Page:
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> Statement from Birmingham Central Mosque
Statement from Birmingham Central Mosque
Posted on: 01 February 2016
Statement of Birmingham Central Mosque
For over 40 years. Birmingham Central Mosque has played a pivotal role in the lives of British Muslims living in the West Midlands and the UK.
It has welcomed and hosted Muslims from various ethnicities, cultures and both male and females from the different schools of thought within the Islamic tradition, thus embodying the Quranic verse which sets out the beauty of diversity:
O mankind, we have created you ... into nations and tribes that you may come to know one another [and not deny one another]" (49:13)
In keeping with the spirit of this Quranic verse, Birmingham Central Mosque has also worked closely with diverse faiths that make our city and country a great place to live. We have worked with our Christian, Hindu, Jewish and Sikh Leaders as well as of other faiths under the umbrella of the Faith Leaders Group and the Highgate Inter-Faith Group, particularly over addressing significant issues such as prejudice and intolerance, racism and discrimination. This work continues in an atmosphere of acceptance, tolerance and mutual respect, all of which are hallmarks of our city and its people. We welcome all those who wish to visit and work with the Mosque, and we continue with our desire to contribute positively to the community and beyond.
At present, Birmingham Central Mosque provides several services that meet the differing needs of our communities. These services include running supplementary classes for boys and girls, offering a marriage bureau, as well as serving as a place to register civil and religious wedding ceremonies and dealing with the issues of marriage counselling, divorce services and funeral services and poverty (running Food Banks). The Mosque also receives requests from several organisations, including Women’s Groups, to have joint events in the Mosque. However, on occasions, it is not possible to accommodate all these requests.
In the last few days, allegations have appeared in the Press regarding the Mosque and three of its trustees; the Chairman Mr. Muhammad Afzal, the Vice Chairman Mr. Mohammed Sarwar and the Secretary Mr. Niaz Ahmed. These allegations relate to a meeting that was held between Ms. Shaista Gohir and Ms. Shahin Ashraf of the Muslim Women’s Network UK (thereafter MWN) and the aforementioned trustees on 18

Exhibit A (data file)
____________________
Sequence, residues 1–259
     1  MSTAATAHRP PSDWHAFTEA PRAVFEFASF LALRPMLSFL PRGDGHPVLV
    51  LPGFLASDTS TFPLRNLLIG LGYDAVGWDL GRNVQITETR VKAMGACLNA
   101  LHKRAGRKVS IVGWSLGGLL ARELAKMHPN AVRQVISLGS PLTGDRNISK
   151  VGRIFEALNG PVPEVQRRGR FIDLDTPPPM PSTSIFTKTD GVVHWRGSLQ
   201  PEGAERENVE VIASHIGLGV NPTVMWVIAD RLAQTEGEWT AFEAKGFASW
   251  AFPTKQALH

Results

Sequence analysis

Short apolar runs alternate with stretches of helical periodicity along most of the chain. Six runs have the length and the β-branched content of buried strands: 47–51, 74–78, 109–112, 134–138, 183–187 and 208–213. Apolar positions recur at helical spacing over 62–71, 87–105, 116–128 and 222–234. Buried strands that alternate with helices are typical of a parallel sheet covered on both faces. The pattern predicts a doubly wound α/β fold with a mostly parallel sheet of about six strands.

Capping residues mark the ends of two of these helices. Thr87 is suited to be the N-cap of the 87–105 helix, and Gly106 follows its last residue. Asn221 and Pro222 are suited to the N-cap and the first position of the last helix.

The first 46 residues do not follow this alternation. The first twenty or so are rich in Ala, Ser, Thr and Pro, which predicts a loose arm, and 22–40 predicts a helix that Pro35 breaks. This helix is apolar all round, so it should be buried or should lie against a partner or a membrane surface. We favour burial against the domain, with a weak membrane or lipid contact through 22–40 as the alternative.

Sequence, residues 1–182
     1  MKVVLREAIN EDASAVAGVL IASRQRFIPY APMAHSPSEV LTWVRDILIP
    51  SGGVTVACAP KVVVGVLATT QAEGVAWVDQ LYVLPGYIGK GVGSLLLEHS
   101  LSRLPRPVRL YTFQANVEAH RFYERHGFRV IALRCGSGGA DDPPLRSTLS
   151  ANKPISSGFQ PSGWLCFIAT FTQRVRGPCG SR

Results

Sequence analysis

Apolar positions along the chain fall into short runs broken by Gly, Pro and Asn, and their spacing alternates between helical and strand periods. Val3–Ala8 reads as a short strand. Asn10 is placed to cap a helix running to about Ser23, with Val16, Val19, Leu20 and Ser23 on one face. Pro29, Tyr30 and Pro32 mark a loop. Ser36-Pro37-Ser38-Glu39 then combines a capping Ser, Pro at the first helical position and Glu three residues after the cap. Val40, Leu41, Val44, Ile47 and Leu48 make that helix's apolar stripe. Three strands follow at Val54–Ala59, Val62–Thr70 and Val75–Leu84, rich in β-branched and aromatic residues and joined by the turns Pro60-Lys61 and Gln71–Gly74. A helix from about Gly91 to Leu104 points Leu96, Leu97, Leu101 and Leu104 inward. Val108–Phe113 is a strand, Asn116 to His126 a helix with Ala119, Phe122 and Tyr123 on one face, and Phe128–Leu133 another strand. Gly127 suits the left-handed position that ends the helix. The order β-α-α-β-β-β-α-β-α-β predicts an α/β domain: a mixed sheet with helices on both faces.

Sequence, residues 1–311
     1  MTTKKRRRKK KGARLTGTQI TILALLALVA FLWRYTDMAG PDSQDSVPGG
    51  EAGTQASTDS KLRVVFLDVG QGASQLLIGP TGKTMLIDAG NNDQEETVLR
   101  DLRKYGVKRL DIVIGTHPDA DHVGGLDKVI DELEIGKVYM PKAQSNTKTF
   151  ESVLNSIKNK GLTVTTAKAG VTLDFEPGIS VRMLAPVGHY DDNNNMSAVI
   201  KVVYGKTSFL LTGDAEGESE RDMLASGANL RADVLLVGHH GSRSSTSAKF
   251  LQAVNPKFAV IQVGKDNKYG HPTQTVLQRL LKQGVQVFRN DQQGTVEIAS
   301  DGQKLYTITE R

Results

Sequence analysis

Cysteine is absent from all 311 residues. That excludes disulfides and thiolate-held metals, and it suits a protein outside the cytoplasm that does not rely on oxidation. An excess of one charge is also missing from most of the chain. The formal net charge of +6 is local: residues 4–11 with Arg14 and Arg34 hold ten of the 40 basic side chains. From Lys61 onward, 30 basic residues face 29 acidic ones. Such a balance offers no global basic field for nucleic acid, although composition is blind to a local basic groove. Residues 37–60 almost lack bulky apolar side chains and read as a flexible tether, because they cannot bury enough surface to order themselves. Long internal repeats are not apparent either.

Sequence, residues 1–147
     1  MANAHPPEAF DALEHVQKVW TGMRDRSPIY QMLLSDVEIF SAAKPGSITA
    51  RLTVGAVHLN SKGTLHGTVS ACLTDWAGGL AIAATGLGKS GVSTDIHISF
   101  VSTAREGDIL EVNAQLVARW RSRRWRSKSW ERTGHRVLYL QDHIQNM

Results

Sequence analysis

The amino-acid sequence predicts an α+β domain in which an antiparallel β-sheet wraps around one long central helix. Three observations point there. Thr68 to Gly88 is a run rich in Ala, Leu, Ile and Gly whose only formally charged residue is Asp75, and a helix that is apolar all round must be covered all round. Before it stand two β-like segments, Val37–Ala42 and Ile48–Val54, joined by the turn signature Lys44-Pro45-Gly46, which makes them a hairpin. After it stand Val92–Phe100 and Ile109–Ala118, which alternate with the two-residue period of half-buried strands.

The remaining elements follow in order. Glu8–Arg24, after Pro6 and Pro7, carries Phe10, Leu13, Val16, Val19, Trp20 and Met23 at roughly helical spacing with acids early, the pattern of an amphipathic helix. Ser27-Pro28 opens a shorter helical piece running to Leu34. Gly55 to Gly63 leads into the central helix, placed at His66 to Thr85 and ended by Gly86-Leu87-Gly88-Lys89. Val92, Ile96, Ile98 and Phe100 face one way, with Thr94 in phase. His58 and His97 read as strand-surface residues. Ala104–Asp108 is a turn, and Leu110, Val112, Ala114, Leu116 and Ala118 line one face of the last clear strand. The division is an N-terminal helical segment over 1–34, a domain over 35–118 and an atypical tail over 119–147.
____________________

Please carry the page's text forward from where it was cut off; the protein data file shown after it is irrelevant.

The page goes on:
December 2015. As Ms. Gohir states in her letter, the meeting was held to discuss the possibility of MWN hosting an event at the Mosque in relation to forced marriage.
As far as the Mosque is concerned, we feel that the meeting was held in a cordial and respectful manner. It is the case that Ms. Gohir and Ms. Ashraf discussed the possibility of holding a joint event on the issue of forced marriage. It is a fact that they suggested paying for the use of Mosque facilities on the basis that the Mosque would carry out administration tasks including providing the attendees, sending out invitations, as well as providing religious scholars for the event and making provisions for refreshments. However, we informed Mrs. Gohir and Ms. Ashraf that whilst we were happy for the event to take place on Mosque premises, that due to our limited capacity we could not carry out the administrative tasks required for this event. Instead, we suggested that we were happy for MWN to host the event by themselves within the Mosque. It is, therefore, false for Ms. Gohir to state that this was because the Mosque did not recognise forced marriage as an issue within the community.
Following these discussions, Ms. Gohir asked us if MWN could hold an event on the issue of domestic abuse, which she again suggested could be done as a joint venture with the Mosque. Our response was to request a plan from MWN of the proposed event and we asked if they could subsequently contact us regarding this. We are saddened that following this meeting, we did not hear back from either Ms. Gohir, Ms. Ashraf, or any other representative of the MWN. Instead, the first response we received from MWN regarding this matter was in a complaint letter via the Press on 28
Jan 2016; some six weeks after the meeting took place.